Selective zero-tolerance: is Greece really a democracy anymore?

The abuse suffered by four young anarchists, arrested for a bank robbery, at the hands of the police proves it’s time to call Greece’s coalition government what it is – a far-right authoritarian group.

Earlier this year, the Greek Minister of Citizen Protection declared he would take up initiatives to restore law and order in the capital of the crisis-stricken country. Nikos Dendias spearheads an attempt by the coalition government produced in last June’s elections to show that while the public coffers are empty and people are seeing their quality of life reduced to shambles, the state is present and it can still provide them with a sense of safety at the very least. Xenios Zeus was one of those initiatives, a crackdown on “illegal immigrants”, its failure (from 73,100 people arrested, only 4,352 were charged with anything) a big problem for the government. The coalition is also now dealing with accusations of tolerating an increasingly authoritarian police force that is torturing people and colluding with the neo-Nazi Golden Dawn, alongside the Lagarde list scandal taking its toll and two very difficult parliamentary votes looming. The first is a new tax code that will find many Greeks unable to pay their tax bills in 2013 and the second an investigation into the names included in the Lagarde list (the list of around 2,000 potential Greek tax evaders with undeclared Swiss HSBC accounts passed to the Greek government by Christine Lagarde in 2010), with at least two senior members of the government involved in an attempt to bury the files before they were published three months ago.

Since the crackdown on immigration didn’t work as the ministry had expected, their next move was to attack occupations and spaces associated with the anarchist movement. This should not come as a surprise since it is exactly these political spaces that have moved to organise in many neighborhoods and stand against the neo-Nazi gangs now roaming the streets of Athens, often with very high cost. But the manner in which this agenda is pursued has revealed something more: this government now sees the anarchists, as well as SYRIZA, as its opponent on the political stage. By cracking down on squats like that of Villa Amalias a month ago, the government is doing a favour for the Golden Dawn thugs who attack people openly with no repercussions – it was squats like that which traditionally stood as an obstacle to the ever expanding activities of the neo-Nazis and which as many locals have stated, helped keep the area around it safe. The spin is to baptise anarchists as the tools of SYRIZA, terrorists who enjoy the support they get from the opposition party. They have gone on the record with this many times.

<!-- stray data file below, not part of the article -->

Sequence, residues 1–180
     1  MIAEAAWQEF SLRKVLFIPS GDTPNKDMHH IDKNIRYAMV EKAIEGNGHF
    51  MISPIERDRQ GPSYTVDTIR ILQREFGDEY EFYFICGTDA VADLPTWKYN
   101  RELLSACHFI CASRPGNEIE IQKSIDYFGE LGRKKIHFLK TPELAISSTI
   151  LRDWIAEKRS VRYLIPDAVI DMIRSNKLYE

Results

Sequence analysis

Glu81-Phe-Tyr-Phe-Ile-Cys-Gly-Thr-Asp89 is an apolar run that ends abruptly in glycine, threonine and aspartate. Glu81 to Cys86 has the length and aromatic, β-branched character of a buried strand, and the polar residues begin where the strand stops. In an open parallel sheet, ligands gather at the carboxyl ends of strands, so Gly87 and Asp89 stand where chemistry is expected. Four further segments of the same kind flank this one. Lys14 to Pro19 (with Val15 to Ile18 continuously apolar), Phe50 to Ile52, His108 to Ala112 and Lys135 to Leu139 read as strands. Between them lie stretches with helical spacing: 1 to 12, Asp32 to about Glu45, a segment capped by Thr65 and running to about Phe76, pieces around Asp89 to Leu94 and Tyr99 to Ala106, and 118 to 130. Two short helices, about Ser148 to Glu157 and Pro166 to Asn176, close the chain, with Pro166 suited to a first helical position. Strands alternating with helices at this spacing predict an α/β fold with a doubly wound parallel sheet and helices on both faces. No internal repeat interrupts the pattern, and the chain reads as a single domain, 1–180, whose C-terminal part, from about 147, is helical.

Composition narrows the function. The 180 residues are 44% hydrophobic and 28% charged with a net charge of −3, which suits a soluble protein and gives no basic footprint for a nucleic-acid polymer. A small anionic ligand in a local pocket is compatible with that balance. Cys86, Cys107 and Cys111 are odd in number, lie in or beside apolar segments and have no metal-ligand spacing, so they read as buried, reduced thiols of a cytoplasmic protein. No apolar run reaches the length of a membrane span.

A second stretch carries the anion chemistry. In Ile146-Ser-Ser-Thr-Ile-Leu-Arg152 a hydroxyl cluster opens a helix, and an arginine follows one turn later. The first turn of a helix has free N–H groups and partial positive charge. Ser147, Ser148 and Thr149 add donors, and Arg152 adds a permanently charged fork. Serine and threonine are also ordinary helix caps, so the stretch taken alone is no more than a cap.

But it’s the arrest of four young anarchists (aged between 20 and 25) this weekend after a failed bank robbery that brings back the political nature of Dendias’ agenda and of the police’s fascist tendencies. Two of them already wanted as suspects in the “conspiracy of the cells of fire” terrorist group, they were arrested in Kozani after trying to flee the bank while chased by the police. Witnesses of the incident claim that when they realised they couldn't get away, they exited the car and surrendered peacefully. However, the pictures published by the police show them to have been extensively abused, their faces swollen to the point where the mother of one didn’t recognise her son when she was allowed to see him. His own testimony leaves no doubt as to what transpired. He claims they were fitted with hoods, tied up and beaten for hours after their arrest. That the police tried to crudely photoshop the bruises “to make them recognisable” as Dendias himself stated points to the extent of the abuse. The use of torture is straightforwardly forbidden by the Greek constitution and violates human rights, while reminding the Greeks of the Colonel’s Junta and their systematic torture of dissidents.